The Board of Regents adopted a revised governance structure and elected a chair of the board Feb. 14, but not without opposition and a counterproposal.
Under the revised bylaws, the chair and vice chair will be elected by a majority vote of the board and serve for a two-year term, beginning July 1 of every even-numbered year. The exception is this initial term, which will begin immediately and run through June 30, 2004. The board will elect the next chair and vice chair at least 60 days before the expiration of the term of the current chair and vice chair.
Primary duties of the chair will be to appoint the members of committees, and to serve as chair when the board forms a committee of the whole. The chair also will assist the president in developing the agenda for each board meeting. If the president is unable to attend a board meeting, or must be out of the room during any part of the meeting, the chair will preside over the meeting. If the chair is temporarily unable to perform his or her duties, the vice chair will assume those duties.
In nominating Deitch, Regent S. Martin Taylor said, I would strongly suggest that we leave open the position of vice chair at this moment. Taylor wants board members to have an opportunity to think about where they would fit in the new governance structure.
Included in their options are serving on one of two standing committees established to advise the board on specific subject areas and to present periodic reports and recommendations. The Finance, Audit and Investment Committee will focus on the Universitys internal controls and financial reporting, and investment policies and practices. The Compensation and Personnel Committee will assist the board in evaluating the performance of and determining the appropriate compensation level for the president, and will advise the president on the performance of and compensation for executive officers.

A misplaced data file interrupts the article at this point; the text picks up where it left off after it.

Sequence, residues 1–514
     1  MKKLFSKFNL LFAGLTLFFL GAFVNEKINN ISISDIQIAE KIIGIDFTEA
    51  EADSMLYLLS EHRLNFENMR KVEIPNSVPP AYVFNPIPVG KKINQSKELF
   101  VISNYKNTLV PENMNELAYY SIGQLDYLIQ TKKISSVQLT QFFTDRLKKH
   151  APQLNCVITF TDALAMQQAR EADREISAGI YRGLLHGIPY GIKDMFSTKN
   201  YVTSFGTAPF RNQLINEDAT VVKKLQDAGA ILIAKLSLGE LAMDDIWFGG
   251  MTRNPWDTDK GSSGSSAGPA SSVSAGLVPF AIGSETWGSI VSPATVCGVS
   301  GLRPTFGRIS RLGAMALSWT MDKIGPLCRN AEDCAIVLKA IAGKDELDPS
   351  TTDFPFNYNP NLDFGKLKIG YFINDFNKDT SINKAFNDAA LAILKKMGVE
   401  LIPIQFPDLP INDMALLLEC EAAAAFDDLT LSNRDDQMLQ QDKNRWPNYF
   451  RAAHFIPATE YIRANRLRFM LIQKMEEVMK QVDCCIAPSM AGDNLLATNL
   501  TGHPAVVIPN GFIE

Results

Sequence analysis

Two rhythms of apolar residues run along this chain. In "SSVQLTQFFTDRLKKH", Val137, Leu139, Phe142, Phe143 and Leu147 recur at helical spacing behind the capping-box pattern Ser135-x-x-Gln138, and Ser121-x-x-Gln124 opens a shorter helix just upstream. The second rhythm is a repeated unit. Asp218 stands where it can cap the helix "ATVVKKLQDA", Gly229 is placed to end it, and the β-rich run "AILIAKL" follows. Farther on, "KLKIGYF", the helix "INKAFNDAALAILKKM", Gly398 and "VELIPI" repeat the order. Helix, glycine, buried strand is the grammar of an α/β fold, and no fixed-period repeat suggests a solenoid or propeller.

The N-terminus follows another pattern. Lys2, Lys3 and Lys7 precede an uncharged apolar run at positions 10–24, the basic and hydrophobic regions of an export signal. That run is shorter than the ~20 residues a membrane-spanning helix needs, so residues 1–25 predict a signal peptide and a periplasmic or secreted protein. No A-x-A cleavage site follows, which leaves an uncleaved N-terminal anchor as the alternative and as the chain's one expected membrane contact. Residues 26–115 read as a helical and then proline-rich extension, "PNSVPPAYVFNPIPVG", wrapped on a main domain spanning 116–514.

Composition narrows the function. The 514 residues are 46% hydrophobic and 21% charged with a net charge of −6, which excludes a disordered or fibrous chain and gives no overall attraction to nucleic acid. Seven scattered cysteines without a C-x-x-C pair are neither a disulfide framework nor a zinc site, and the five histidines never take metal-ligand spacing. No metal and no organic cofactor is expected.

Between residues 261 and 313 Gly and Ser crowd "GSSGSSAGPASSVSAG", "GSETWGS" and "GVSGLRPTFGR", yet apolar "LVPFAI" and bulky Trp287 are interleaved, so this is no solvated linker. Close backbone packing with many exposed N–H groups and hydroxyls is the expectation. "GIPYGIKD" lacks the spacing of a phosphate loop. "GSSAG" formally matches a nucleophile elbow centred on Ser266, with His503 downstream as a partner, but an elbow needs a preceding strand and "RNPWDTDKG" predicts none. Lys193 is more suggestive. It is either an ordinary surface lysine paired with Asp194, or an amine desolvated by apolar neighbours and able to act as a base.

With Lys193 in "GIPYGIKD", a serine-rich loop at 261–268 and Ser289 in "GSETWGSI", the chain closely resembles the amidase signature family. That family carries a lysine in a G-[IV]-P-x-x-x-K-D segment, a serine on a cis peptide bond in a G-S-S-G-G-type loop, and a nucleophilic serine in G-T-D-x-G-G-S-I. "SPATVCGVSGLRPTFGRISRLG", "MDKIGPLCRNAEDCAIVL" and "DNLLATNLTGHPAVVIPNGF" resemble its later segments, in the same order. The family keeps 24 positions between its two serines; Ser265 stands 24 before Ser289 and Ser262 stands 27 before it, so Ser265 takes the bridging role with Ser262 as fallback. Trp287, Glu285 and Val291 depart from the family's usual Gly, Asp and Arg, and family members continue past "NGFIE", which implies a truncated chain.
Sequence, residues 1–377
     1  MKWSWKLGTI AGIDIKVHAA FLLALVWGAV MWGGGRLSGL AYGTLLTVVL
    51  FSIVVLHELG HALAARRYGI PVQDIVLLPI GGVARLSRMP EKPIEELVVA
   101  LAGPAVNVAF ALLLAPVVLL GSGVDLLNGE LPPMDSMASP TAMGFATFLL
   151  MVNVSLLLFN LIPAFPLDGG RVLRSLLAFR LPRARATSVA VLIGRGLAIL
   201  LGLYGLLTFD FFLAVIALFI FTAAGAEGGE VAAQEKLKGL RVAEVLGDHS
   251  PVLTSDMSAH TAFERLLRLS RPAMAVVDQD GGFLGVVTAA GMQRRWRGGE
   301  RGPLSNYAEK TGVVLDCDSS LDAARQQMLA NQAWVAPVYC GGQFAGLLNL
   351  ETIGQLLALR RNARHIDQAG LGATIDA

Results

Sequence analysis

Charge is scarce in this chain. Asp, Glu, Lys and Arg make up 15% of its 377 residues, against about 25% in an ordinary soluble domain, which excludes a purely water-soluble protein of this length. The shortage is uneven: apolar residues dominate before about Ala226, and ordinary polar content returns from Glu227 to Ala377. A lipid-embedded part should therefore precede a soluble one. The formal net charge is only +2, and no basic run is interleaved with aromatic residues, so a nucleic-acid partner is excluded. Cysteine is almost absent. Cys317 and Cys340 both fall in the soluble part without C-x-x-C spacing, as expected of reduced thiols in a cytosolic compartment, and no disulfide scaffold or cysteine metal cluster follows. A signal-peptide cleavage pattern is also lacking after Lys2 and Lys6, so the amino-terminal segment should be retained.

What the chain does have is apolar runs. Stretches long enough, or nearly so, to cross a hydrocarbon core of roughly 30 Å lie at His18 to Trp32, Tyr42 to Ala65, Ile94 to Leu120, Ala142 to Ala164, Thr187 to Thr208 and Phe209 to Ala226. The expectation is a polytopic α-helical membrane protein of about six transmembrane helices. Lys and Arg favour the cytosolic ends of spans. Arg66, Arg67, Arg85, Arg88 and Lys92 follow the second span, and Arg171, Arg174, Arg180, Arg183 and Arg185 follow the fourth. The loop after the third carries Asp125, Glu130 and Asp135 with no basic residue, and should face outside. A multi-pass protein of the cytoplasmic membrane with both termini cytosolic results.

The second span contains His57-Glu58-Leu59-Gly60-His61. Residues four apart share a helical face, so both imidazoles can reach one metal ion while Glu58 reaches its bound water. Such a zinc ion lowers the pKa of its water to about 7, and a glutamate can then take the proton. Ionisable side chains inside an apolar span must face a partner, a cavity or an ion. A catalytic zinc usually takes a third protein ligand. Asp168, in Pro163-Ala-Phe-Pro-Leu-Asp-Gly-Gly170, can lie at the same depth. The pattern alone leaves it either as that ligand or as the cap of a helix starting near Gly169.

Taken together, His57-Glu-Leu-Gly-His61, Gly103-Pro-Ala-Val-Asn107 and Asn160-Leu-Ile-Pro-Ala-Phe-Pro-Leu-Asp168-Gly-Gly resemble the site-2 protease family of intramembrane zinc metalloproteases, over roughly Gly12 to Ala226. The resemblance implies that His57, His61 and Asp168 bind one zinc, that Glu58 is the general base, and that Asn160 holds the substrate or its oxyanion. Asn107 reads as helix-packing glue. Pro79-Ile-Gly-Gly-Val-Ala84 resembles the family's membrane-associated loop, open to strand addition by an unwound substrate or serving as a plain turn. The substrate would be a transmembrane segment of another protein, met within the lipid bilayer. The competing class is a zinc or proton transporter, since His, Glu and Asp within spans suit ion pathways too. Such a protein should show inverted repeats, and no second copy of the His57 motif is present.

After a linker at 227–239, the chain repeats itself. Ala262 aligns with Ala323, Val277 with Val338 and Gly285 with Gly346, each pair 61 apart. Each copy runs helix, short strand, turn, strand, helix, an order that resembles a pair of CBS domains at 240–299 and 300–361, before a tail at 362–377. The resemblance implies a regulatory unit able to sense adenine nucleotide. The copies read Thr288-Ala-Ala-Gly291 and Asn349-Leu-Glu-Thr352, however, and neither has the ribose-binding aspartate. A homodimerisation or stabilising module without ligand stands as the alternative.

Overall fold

The board also amended its bylaws to allow for advances in technology that enable regents to participate in meetings from a distance. The changes allow a quorum to be reached by regents participating via conference telephone or video conference. Emergency action may be taken by a vote of regents by fax or electronic mail, in addition to previous provisions for emergency votes by telephone or mail.
Specifically, she listed three differences in her plan. The first involved rotating regents through the positions of chair and vice chair in a non-political selection process, rather than having an election. She also proposed allowing the board to establish committees when and as needed, rather than have the chair in control of appointing standing committees.
While she agreed with the need to amend the bylaws to allow board members to participate in meetings from a distance using telephone and video technology, Maynard wanted a quorum of five regents physically present.
Teleconferencing by five or more on a regular basis keeps the public from participating in and observing meetings. Public meeting notice of our meetings implies that it is the obligation of the board, at least five of us, to be physically present.
Regent McGowan agreed with Maynards plan and likened it to the system at Michigan State, which she said works very well. Maynards substitute resolution was defeated 26.